The shillings of 1814 …

A few days ago I posted the following to twitter:

Now really this is an exercise in geekery.

As far as I can work out (and I may be wrong here) there were no shilling coins issued in 1814 and those that might have been in circulation would have had the Roman emperor style head like this

George iii shilling 1787

And the reason was that after the Napoleonic wars the currency was in a shocking state. Silver was needed to pay subsidies to Britain’s allies, copper (as in copper bottomed) was needed by the navy, with the result there was a shortage of coins.

Various towns and merchants issued tokens, some of which look very much like real coins, to provide small change, and even the Bank of England issued tokens to help with paying out cheques.

Most of the high end coins would have been replaced with paper money, sometimes of doubtful validity as banks did fail suddenly and drastically in the Georgian era.

And of course sometimes foreign, often Spanish, silver coins circulated, sometimes overstruck with King George’s head.

Basically the money was a mess.

And in Tasmania, probably even more so.

There was a chronic shortage of coins, anything and everything circulated, be it coins brought by American whalers and silver rupees from the East India company, and even British coins brought in the pockets of the soldiers. In 1813 Governor Macquarie of NSW even imported Spanish dollars to be restruck as Holey Dollars.

Tasmania didn’t become a separate colony until 1825 meaning that Holey Dollars from NSW also circulated in Tasmania and were still legal tender as late as 1849.

So, while there may have been some early British silver coins in circulation in Tasmania there wouldn’t have been many.

In 1816, to bring some sense to this chaos, the British organised a recoinage, where they pulled all the old silver out of circulation and struck a whole lot of new shillings, sixpences and half crowns. And importantly they stayed in circulation well into the Victorian period, basically until they were too worn, along with the coins issued under George IV and William IV, so that in 1840 say, you would expect a mixture of coins from these four monarchs, including George III, principally because they struck so many – which is exactly what you see if you look at the image on the ABC site.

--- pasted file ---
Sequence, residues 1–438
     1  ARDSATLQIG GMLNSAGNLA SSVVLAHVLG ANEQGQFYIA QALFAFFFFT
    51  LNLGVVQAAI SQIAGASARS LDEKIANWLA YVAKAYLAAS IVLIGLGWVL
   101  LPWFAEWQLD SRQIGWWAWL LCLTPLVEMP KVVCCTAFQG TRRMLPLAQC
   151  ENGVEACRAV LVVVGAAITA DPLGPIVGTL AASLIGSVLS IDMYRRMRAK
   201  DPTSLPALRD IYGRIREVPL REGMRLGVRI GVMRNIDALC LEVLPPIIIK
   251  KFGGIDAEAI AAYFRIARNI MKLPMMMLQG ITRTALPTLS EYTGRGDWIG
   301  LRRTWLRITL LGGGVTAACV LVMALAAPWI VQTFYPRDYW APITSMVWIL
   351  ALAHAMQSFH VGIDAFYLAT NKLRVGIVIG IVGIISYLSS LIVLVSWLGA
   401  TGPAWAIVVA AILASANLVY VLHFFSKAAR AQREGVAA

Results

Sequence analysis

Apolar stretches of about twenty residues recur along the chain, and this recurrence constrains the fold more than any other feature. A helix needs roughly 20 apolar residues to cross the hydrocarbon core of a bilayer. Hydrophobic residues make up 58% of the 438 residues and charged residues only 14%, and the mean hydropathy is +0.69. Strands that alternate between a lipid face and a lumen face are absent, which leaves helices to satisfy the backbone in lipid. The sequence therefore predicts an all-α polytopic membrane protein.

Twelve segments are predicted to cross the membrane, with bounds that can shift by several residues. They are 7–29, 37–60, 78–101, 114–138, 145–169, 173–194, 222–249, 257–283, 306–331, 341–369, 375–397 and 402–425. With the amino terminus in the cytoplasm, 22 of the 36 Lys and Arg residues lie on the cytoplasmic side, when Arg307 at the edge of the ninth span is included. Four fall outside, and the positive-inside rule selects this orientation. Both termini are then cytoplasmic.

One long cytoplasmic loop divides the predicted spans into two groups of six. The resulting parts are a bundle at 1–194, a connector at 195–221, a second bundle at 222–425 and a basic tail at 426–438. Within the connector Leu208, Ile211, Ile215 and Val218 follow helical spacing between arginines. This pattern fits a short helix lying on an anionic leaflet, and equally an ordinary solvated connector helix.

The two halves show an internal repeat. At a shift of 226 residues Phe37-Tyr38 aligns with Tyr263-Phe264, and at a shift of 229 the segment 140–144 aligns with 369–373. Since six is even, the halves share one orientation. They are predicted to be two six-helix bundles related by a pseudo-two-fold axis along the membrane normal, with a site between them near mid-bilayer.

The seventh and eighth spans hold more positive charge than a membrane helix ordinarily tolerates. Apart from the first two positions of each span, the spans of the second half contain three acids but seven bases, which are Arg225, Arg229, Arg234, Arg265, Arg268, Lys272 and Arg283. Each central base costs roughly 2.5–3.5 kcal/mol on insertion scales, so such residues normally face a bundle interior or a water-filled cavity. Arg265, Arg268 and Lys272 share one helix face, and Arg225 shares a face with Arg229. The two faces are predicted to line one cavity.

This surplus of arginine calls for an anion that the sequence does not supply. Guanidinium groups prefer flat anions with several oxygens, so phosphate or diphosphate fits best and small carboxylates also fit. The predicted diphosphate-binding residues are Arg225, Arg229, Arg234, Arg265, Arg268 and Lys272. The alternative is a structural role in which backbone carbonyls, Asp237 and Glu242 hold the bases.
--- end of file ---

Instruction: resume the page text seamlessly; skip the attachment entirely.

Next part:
Given that Tasmania was very remote, that is of course why it was used as a prison colony, coins probably stayed in circulation until they were very worn, which is again what you see with the Queen Victoria ones being relatively unworn, while the earlier ones, with the exception of one 1819 George III coin and one George IV coin, are quite badly worn.

So, waving hands, I’d guess that the coin stash was put together in the 1840’s or 1850’s. While transportation ended in 1853, Port Arthur was still in use until the 1870’s. The fact the latest coin is said to date from 1844 suggests a date in the late 1840’s at the earliest.

The queen Victoria coins are not a lot of help to date the collection.

William Wyon’s ‘Young Victoria‘ head was used on most silver coins until the 1880’s, despite the head on the copper coins changing to a more mature head when they replaced the old copper pennies with bronze in the 1860’s. Consequently, the head style is not much use as a guide to when the stash was put together, as all the Queen Victoria shillings in circulation before the prison closed would have had the ‘Young Victoria‘ head …

About dgm

Former IT professional, previously a digital archiving and repository person, ex research psychologist, blogger, twitterer, and amateur classical medieval and nineteenth century historian ...
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